AAFP Core Educational Guidelines : Patient Education

Date: Oct 1, 2000


This document has been endorsed by the American Academy of Family Physicians and was developed in cooperation with the Association of Departments of Family Medicine, the Association of Family Practice Residency Directors and the Society of Teachers of Family Medicine.

Patient education can be defined as the process of influencing patient behavior and producing the changes in knowledge, attitudes and skills necessary to maintain or improve health. The Latin origin of the word doctor, "docere," means "to teach," and the education of patients and their families, as well as communities, is the responsibility of all physicians. Family physicians are uniquely suited to take a leadership role in patient education. Family physicians build long-term, trusting relationships with patients, providing opportunities to encourage and reinforce changes in health behavior. Patient education is, therefore, an essential component of residency training for family physicians.

Patient education is critically important because it is clear that the leading causes of death in the United States (i.e., heart disease, cancer, stroke, lung disease and injuries) are closely associated with unhealthy lifestyles. There is also strong evidence to suggest that counseling and patient education provide substantial benefits. Providing patients with complete and current information helps create an atmosphere of trust, enhances the doctor-patient relationship and empowers patients to participate in their own health care. Effective patient education also ensures that patients have sufficient information and understanding to make informed decisions regarding their care.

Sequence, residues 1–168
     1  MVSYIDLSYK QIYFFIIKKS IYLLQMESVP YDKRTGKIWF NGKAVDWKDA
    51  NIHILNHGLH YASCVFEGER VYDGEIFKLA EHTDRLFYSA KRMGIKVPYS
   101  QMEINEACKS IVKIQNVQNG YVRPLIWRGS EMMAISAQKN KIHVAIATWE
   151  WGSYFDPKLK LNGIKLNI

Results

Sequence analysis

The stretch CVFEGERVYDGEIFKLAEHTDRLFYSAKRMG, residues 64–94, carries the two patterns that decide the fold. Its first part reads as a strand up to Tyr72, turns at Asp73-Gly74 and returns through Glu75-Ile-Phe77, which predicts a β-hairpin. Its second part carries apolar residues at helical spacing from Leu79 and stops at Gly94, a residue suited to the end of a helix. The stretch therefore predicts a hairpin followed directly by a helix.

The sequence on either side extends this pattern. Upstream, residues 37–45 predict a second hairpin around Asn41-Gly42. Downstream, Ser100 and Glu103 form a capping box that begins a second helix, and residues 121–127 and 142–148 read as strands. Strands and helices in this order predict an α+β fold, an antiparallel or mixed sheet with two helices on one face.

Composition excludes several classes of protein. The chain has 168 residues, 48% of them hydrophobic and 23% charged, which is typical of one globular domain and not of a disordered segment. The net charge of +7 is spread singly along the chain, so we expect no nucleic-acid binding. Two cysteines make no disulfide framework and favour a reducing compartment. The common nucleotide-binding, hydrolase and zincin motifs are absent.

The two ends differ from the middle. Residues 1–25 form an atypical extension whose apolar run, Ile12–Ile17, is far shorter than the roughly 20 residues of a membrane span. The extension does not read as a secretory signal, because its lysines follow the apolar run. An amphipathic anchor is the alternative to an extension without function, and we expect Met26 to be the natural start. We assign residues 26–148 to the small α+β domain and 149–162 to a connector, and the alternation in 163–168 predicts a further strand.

To provide effective patient education, a variety of practical skills must be mastered. These include ascertaining patients' educational needs, identifying barriers to learning, counseling concisely, evaluating and utilizing written, audiovisual and computer-based patient education materials, and incorporating education into routine office visits.

Patient education should be taught longitudinally throughout all 36 months of family practice residency. In addition to didactic hours on patient education, opportunities should be made available for residents to attend patient education conferences and to participate in community education projects.


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